"My eyes were black. I had a big cut across my nose. I had a tooth knocked loose, bruises on my leg and everything,” Bulk said.

She spent eight days in the hospital, three in ICU, and nearly a year in a wheelchair with chronic, debilitating nerve damage.

And more pain you couldn't see persisted well beyond the healing bruises.

“I went through a horrible situation and lived through it, but I stopped living inside,” Bulk said.

She went through PTSD counseling for more than a year.

"The most important thing is to recognize what is happening so that you can get over it,” Smith said.

"It just depends on what triggers the memory,” Sgt. Pfhol said.

He said in cases like this, many victims move.

Bulk couldn't.

Not just because she couldn't afford it.

“Because this is all the memories that I have of my husband,” Bulk said.

Her husband who taught her how to shoot had just died four months before the break-in.

Bulk said she wasn't about to be robbed of those memories shared here with him too.

As for the gun, she doesn't own it anymore, she says. She didn't want to use it but doesn't regret it.

“I'm glad I had it because there's absolutely no doubt in my mind he would have killed me. He would have killed me,” Bulk said.

Before being sentenced to a year in prison and four years probation, Lewis said he thought the home was abandoned.

“When he turned around and looked at me in that courtroom and said, ‘I’m sorry, it wasn't me that day,’" Bulk said. "I just wanted to look at him and say, ‘Well it sure was me!'” Bulk said.

For a while after getting out of jail, Lewis made his monthly restitution payments, then without explanation, simply stopped, not even making good on the measly $458 the court awarded Bulk for her broken door.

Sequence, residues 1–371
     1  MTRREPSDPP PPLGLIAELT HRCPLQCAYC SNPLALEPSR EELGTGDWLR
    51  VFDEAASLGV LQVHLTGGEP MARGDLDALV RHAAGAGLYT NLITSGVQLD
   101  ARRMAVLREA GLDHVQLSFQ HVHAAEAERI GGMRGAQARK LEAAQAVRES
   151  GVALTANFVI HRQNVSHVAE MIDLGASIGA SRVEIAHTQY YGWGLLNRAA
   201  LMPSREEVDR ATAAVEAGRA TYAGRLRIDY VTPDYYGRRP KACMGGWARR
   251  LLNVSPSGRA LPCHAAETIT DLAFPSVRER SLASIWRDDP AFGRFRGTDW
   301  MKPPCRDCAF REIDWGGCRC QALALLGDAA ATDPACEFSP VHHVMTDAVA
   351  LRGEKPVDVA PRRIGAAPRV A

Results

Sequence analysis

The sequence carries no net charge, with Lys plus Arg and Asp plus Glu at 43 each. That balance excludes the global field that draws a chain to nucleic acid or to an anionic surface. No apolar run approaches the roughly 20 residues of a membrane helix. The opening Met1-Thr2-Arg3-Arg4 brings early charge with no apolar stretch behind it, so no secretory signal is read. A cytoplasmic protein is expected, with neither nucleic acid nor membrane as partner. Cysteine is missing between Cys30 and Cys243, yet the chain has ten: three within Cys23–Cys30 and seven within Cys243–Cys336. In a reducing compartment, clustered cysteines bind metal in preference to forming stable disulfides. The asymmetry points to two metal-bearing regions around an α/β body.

She's moving on and is doing much better today and wants others to know, you can overcome the burden and trauma of being forced to make a life or death decision

"If I could help just one person by what I went through, I would say, 'Get help! Don't wait until it’s too late. Get Help!'” Bulk said.

Copyright 2017 KPHO/KTVK (KPHO Broadcasting Corporation). All rights reserved.


Nicole CritesNicole Crites anchors "Good Evening Arizona" weeknights 4 p.m.-6:30 p.m. on 3TV with Brandon Lee.

Click to learn more about Nicole.

Nicole Crites

The two- time Emmy award winner has been telling stories about Valley newsmakers and trends for more than a decade. Before joining 3TV's "Good Evening Arizona" team, she was the morning news anchor at KPHO-TV in Phoenix.

Nicole loves meeting new people every day and finding ways to bring context to news unfolding in our community and our world.

A wife and mother of two little ones, Nicole is always exploring Arizona to uncover exciting adventures to share. She grew up in a big family, one of six kids in Tucson.

She graduated from the University of Arizona. Work and early internships took her from Manhattan to Spokane, WA, back to Arizona, where she and her high school sweetheart settled to start a family.

Nicole loves to read and keep busy with community service and crafts, like quilting baby blankets, something her mom taught her in elementary school.  

Nicole's passion for storytelling and helping others is why she got into journalism.

She won an Emmy for her field anchoring of the deadly Tucson shooting and assignation attempt of then Congresswoman Gabrielle Giffords and another for her KPHO "Keeping the Promise" series on military struggles and success profiles.

She is an active board member for the nonprofit, Military Assistance Mission, supporting our Arizona military, their families and wounded warriors.

She believes everyone has a story and says the most interesting people sh ha's interviewed weren't the actors or politicians who've been guests on the show over the years, but the "ordinary" people you'd never guess have overcome extreme odds and are doing extraordinary things every day

If you have a story you’d like to share with Nicole, click here to email her.